Berean PRC Bible Study
We've started a Tagalog grammar class. We go with Rev. Smit every Wednesday afternoon to the guest house, where we have stayed before and where other of our ministers have stayed. The lady who runs the guest house is a teacher and is willing to take the time to teach us. So for three hours every Wednesday we have our brains tested. Last week we did a lot with the pronunciation and the word order in the sentences. We have a workbook that has exercises in it that we have to work on during the week. It is going to be a challenge. The verbs are the biggest challenge I think. We were told that there can be as many as 70 different forms of one verb!! Not only do the different tenses change the verb form, but there are 8 different focuses which change the form as well.
We are still learning about the creatures here. Here's one thing we learned. All the things I thought were lizard droppings (dry ones) are actually tiny worms in a cocoon that hatch into a moth. (Okay, so I'm ignorant.) Someone said they come from all the trees in this area. I couldn't figure out why some droppings were dry and some were runny. Now I know - the dry ones aren't droppings. The moral of the story is that we don't have as many house lizards as I thought we did, but we do have worms/moths.
We were in the mall the other day looking for a fly swatter. Couldn't find one, so Daniel asked one of the clerks. The clerk seemed a little puzzled as to what we actually wanted so Daniel thought he better demonstrate. He's wiggling his fingers in the air (the flies buzzing around) and then he gives a mighty swing with his arm (killing them with the swatter). I was standing in the background just giggling away, cause it looked so funny.
A few days ago we dropped off our car for a wheel alignment, so were walking in Antipolo while waiting for it to be done. A tricycle driver was trying to get our attention to give us a ride. Daniel shook his head and then patted his legs (as if to say, "These work fine"). The guy got a huge grin and gave him the thumbs up. You can have some good fun with the Filipinos. They are almost always pleasant and friendly and ready for a laugh.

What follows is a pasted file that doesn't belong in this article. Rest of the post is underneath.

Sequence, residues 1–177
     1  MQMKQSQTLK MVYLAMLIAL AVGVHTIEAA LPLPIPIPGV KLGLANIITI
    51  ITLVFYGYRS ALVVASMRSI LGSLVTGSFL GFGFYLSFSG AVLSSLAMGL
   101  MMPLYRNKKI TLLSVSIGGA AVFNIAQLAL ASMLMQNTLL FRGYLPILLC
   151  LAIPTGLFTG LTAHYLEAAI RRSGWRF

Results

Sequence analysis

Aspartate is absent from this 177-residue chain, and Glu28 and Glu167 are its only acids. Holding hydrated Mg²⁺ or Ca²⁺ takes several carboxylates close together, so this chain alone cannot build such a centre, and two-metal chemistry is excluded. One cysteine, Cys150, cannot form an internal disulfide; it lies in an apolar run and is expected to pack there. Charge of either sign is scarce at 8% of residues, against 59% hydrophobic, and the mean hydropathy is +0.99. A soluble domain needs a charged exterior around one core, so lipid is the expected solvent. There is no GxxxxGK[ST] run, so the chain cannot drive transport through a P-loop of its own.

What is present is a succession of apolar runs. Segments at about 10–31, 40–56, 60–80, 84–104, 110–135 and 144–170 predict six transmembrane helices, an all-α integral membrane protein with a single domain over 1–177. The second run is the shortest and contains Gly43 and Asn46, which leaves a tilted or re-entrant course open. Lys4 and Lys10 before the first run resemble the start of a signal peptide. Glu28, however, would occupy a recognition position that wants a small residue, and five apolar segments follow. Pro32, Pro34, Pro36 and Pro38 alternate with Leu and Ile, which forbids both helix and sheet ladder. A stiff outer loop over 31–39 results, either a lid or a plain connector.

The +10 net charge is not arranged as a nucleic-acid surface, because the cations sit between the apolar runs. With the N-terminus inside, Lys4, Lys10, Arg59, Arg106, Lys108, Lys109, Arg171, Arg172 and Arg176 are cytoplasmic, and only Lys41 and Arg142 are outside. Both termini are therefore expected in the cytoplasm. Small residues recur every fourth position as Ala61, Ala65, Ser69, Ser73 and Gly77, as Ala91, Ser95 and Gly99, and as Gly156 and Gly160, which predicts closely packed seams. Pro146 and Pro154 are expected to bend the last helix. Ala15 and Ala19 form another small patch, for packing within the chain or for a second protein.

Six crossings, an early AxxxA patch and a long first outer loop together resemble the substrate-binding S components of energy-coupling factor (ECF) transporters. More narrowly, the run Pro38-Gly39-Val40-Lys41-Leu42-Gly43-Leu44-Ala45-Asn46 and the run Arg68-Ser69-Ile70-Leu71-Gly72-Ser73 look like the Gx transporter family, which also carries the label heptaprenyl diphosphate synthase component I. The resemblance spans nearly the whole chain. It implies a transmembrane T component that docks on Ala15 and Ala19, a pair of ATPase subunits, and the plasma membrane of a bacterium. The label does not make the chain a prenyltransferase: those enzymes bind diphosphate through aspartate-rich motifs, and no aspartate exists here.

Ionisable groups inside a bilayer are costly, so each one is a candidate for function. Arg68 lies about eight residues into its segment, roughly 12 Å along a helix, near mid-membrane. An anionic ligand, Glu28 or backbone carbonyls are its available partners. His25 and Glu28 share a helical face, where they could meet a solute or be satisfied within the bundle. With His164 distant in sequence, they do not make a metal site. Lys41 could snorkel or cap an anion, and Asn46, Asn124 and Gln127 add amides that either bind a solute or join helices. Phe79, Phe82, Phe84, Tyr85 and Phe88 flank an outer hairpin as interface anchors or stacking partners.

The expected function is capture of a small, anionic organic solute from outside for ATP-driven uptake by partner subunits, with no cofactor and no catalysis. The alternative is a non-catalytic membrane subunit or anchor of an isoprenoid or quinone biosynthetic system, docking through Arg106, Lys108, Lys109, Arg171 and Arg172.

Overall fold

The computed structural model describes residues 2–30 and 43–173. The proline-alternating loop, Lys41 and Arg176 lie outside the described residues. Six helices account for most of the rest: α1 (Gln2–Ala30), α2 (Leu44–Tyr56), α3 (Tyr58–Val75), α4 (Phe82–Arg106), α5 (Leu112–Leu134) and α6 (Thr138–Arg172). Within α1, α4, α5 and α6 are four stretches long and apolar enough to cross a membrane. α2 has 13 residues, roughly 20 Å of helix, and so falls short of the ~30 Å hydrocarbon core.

Our Vehicle - a Toyota Revo
I have driven here twice now. About five miles each time. Before you laugh that I am reporting that as an accomplishment, let me say that I had to cross oncoming traffic (3 lanes) to pull into traffic going the other way. And I had to do a u-turn (kind of like those crazy Michigan left turns). All of this without traffic lights or stop signs, mind you, and with trucks and buses and jeepneys coming from all directions. I managed it without adding to the scratches and dents already on our vehicle. :-)
Just thought I would add here that we see quite a bit of the Smits. Tricia and I often visit or go shopping together. The men often meet for business they have to take care of. And we often carpool with various ones of the family to church, Bible study, grammar class, etc. We are very thankful that they are here and that we can work with them.
A final note. We've cooked a couple recipes now out of the Philippine cookbook we bought. We have made Pork Adobo (Adobong Baboy) twice, which is a very popular dish here. I still have to perfect that recipe though, as ours wasn't as good as some of the ones we have had made by native Filipinos. I also made Beef Steak with Onions and Potatoes (Bistek), another type of stir fry with onion and potatoes and beef. Delicious!